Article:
Mauna Kea began forming on the sea floor about one million years ago. Its name means “White Mountain” in the Hawaiian language and it is snowcapped much of the winter, and the summit is covered with permafrost 35 feet deep. During the ice ages, Mauna Kea’s summit was glaciated 3 times, starting about 200000 years ago and ending only 11000 years ago. One can see the U-shaped valleys and cirques, striated bedrock, glacial tills covering the summit area and remnants of ice-damned lava flows from those times. There are even the remains of extinct rock glaciers near the summit.

Eric Carr, Master Cameraman, Filming on Mauna Kea: Photo by Donnie MacGowan

Eric Carr, Master Cameraman, Filming on Mauna Kea: Photo by Donnie MacGowan

The Visitor’s Center and summit are reached via a road which turns off Saddle Road at about 6600 feet elevation near the 28 mile marker and tortuously stumbles its way up the south side of Mauna Kea to the Visitor Information Station at about 9300 feet. The road, though steep, is paved to the Visitor’s Center. Above that, the road is graded dirt for about 5 miles, returning to asphalt paving for the final sprint to the rim of the summit crater. Road conditions for the summit road are available at 808.935.6263.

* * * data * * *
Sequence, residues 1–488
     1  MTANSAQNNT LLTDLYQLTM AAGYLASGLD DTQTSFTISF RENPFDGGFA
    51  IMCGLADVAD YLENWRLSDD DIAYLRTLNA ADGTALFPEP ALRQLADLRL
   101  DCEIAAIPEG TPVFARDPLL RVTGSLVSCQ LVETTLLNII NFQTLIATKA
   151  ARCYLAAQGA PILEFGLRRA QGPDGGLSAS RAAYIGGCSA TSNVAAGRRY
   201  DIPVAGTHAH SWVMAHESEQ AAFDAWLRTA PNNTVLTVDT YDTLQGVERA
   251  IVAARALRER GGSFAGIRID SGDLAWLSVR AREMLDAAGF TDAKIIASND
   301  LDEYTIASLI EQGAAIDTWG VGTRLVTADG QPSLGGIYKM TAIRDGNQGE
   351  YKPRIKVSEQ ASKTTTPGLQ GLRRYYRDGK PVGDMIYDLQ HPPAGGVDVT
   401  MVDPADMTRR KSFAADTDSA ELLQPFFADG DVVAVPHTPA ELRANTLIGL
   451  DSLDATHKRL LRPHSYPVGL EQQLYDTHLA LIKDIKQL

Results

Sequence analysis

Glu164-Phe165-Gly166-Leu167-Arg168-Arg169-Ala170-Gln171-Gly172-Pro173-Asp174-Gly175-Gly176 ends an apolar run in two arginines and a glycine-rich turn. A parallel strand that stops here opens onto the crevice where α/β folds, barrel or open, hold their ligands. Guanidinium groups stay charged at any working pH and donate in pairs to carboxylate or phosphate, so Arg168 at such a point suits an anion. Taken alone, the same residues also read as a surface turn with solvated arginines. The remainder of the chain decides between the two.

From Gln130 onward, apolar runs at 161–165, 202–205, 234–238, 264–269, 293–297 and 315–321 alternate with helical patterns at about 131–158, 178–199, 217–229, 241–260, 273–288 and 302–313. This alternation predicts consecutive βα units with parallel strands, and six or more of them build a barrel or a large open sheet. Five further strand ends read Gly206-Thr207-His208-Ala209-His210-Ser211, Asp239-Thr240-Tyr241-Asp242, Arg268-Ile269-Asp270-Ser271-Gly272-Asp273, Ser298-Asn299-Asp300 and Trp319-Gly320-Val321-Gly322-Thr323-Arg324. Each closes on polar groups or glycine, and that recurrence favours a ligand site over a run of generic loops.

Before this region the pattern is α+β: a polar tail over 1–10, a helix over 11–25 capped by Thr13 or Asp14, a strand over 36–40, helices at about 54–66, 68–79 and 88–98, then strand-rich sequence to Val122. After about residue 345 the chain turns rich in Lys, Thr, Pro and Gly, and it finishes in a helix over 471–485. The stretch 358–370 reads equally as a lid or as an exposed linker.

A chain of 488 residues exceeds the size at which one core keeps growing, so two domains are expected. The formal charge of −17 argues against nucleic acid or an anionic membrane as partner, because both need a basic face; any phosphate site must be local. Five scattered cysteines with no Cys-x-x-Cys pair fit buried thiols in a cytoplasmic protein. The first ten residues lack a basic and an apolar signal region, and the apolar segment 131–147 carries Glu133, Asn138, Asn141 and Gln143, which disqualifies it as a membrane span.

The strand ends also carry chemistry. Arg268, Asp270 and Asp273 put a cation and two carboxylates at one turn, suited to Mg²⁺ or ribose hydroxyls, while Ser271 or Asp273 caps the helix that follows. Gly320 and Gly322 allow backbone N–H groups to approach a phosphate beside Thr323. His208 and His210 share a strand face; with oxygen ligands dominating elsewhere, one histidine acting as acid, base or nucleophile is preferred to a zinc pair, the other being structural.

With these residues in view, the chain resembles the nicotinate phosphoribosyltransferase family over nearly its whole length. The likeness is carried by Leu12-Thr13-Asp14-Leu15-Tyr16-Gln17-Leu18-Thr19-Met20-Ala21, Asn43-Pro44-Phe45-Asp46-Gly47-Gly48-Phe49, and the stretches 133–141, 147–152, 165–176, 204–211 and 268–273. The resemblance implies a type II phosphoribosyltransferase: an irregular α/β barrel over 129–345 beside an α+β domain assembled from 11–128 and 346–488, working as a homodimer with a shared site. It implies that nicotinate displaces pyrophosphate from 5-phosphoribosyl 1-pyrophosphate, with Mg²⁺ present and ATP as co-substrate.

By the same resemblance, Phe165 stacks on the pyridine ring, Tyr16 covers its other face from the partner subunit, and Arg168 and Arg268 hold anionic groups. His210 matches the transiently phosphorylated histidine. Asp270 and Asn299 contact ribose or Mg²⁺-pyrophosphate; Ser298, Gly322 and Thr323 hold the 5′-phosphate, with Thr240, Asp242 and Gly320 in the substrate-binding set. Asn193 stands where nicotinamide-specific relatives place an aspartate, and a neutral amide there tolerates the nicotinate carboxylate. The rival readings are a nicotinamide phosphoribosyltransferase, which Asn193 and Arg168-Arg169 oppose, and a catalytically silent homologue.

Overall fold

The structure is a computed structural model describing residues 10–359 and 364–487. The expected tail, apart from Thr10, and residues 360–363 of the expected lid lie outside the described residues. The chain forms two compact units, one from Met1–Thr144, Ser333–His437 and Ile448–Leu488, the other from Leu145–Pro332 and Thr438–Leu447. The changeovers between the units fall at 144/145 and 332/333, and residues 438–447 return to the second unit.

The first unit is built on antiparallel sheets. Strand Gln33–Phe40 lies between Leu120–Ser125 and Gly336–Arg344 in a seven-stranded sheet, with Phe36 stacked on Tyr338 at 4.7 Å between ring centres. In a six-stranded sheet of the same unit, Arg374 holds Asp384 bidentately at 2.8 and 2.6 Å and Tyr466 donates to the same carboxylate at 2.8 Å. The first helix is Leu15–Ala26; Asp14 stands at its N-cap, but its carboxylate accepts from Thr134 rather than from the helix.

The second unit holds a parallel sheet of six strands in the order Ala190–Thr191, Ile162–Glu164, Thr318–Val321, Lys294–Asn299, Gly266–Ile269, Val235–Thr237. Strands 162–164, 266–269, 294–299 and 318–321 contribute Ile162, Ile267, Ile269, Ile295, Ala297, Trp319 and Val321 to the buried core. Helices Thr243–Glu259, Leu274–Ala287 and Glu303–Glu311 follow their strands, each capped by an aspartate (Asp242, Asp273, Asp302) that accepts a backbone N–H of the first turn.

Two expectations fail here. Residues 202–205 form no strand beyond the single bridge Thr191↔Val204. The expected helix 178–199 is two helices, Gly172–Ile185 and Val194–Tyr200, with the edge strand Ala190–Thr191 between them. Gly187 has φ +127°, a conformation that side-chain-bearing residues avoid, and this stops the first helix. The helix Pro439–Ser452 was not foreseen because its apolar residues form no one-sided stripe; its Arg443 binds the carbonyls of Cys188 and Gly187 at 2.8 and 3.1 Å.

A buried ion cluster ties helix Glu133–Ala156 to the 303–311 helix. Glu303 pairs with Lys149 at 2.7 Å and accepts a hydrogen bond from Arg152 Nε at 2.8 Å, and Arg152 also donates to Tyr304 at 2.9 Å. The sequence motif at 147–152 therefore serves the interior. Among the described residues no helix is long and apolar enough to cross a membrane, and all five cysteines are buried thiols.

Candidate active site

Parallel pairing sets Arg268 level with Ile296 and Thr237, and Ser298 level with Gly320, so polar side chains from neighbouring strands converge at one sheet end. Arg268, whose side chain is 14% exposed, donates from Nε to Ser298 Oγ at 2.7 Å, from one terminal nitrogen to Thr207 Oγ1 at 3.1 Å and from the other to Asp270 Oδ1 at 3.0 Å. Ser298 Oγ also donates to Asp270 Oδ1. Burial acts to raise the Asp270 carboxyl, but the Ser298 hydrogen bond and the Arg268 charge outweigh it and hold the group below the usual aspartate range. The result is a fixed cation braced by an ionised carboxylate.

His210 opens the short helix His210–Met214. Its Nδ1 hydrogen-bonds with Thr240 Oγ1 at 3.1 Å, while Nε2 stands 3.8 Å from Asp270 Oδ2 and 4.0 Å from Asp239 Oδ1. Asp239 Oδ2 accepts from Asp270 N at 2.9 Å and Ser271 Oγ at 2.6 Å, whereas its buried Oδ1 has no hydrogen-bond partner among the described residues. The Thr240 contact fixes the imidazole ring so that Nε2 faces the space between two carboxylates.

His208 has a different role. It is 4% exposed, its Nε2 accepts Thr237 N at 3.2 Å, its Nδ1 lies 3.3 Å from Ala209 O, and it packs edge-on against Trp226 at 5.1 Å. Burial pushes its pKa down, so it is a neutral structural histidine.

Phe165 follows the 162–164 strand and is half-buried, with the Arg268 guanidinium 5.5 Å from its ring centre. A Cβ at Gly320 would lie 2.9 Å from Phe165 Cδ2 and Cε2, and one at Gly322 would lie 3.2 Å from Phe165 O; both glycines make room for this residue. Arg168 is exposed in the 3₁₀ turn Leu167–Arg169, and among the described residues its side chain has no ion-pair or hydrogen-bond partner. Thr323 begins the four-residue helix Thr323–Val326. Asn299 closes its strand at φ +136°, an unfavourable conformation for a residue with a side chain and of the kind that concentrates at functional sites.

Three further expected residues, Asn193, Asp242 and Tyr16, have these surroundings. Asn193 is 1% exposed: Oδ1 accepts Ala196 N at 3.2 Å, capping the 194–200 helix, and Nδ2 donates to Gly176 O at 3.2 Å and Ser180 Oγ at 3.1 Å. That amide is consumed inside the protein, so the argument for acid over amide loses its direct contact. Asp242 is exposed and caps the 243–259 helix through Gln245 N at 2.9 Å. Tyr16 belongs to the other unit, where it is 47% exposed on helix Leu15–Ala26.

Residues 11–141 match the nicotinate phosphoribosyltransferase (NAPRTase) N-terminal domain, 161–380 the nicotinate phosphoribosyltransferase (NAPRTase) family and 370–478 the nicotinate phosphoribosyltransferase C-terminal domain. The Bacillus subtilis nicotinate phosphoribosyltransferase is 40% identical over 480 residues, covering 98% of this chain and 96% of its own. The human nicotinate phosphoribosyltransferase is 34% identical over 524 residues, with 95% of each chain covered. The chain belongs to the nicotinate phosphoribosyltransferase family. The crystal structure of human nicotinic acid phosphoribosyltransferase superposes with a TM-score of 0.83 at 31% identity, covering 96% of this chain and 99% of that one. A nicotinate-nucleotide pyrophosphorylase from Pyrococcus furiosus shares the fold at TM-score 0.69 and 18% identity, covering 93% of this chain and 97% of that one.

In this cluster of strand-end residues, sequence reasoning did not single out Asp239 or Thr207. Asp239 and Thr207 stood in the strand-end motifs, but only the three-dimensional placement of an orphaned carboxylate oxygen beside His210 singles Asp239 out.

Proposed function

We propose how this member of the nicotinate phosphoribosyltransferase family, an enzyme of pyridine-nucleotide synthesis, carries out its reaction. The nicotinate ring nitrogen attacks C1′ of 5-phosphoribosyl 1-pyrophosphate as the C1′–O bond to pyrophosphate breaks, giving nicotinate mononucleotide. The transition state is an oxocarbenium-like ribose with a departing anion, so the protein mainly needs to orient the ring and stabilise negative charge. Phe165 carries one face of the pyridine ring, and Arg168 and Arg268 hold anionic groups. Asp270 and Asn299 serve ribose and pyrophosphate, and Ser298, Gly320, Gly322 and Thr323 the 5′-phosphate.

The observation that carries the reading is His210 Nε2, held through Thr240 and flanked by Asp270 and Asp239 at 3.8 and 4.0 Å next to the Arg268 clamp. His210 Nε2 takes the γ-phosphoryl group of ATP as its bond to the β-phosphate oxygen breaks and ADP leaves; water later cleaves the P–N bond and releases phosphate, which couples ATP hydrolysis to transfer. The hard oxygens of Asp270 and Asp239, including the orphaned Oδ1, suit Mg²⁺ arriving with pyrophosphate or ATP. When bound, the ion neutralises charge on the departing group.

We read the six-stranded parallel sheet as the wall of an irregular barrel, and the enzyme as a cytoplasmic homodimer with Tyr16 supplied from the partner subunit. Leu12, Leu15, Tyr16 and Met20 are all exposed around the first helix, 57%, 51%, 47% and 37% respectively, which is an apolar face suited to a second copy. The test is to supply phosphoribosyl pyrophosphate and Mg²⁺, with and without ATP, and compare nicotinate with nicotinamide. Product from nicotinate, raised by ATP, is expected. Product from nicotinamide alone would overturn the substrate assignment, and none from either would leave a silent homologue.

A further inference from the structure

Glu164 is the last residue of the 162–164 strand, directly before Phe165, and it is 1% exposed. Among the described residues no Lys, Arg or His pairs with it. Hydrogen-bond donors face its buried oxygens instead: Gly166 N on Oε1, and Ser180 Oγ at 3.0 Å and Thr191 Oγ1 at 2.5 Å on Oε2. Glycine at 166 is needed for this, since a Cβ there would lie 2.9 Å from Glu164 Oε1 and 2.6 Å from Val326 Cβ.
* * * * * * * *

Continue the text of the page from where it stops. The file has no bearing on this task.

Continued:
Mauna Kea Moon From the Visitor's Information Station: Photo by Donald MacGowan

Mauna Kea Moon From the Visitor's Information Station: Photo by Donald MacGowan

The visitor’s center is open from 9 a.m. until 10 p.m. 365 days a year. Informational multimedia presentations, souvenirs, and some food items are available here, as well as clean restrooms and drinking water. Every evening after dark the center allows visitors to stargaze through several telescopes and informational talks by visiting scientists are occasionally scheduled. Saturday and Sunday Center staff lead escorted summit field trips, but visitors must provide their own vehicle. Call 808.961.2180 for information. It is suggested that summit-bound visitors stop at the Visitor’s Center for at least half an hour before heading to the summit so they can acclimate.